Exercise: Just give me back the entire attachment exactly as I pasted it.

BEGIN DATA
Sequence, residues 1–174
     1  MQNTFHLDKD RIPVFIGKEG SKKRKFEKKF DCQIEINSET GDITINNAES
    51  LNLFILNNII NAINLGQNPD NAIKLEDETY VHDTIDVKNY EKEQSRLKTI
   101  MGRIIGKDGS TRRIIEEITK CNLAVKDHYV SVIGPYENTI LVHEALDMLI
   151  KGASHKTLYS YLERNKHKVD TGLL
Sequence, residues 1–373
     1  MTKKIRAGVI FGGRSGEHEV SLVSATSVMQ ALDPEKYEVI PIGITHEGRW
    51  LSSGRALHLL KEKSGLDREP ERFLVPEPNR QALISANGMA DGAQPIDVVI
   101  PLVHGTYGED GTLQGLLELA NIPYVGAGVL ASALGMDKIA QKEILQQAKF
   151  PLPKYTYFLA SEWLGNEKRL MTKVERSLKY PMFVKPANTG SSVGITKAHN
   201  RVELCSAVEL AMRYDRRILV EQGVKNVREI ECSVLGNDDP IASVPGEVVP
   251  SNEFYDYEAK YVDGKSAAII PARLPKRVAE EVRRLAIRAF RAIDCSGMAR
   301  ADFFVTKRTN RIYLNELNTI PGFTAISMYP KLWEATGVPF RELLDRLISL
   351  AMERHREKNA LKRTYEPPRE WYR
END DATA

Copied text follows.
Sequence, residues 1–174
     1  MQNTFHLDKD RIPVFIGKEG SKKRKFEKKF DCQIEINSET GDITINNAES
    51  LNLFILNNII NAINLGQNPD NAIKLEDETY VHDTIDVKNY EKEQSRLKTI
   101  MGRIIGKDGS TRRIIEEITK CNLAVKDHYV SVIGPYENTI LVHEALDMLI
   151  KGASHKTLYS YLERNKHKVD TGLL
Sequence, residues 1–373
     1  MTKKIRAGVI FGGRSGEHEV SLVSATSVMQ ALDPEKYEVI PIGITHEGRW
    51  LSSGRALHLL KEKSGLDREP ERFLVPEPNR QALISANGMA DGAQPIDVVI
   101  PLVHGTYGED GTLQGLLELA NIPYVGAGVL ASALGMDKIA QKEILQQAKF
   151  PLPKYTYFLA SEWLGNEKRL MTKVERSLKY PMFVKPANTG SSVGITKAHN
   201  RVELCSAVEL AMRYDRRILV EQGVKNVREI ECSVLGNDDP IASVPGEVVP
   251  SNEFYDYEAK YVDGKSAAII PARLPKRVAE EVRRLAIRAF RAIDCSGMAR
   301  ADFFVTKRTN RIYLNELNTI PGFTAISMYP KLWEATGVPF RELLDRLISL
   351  AMERHREKNA LKRTYEPPRE WYR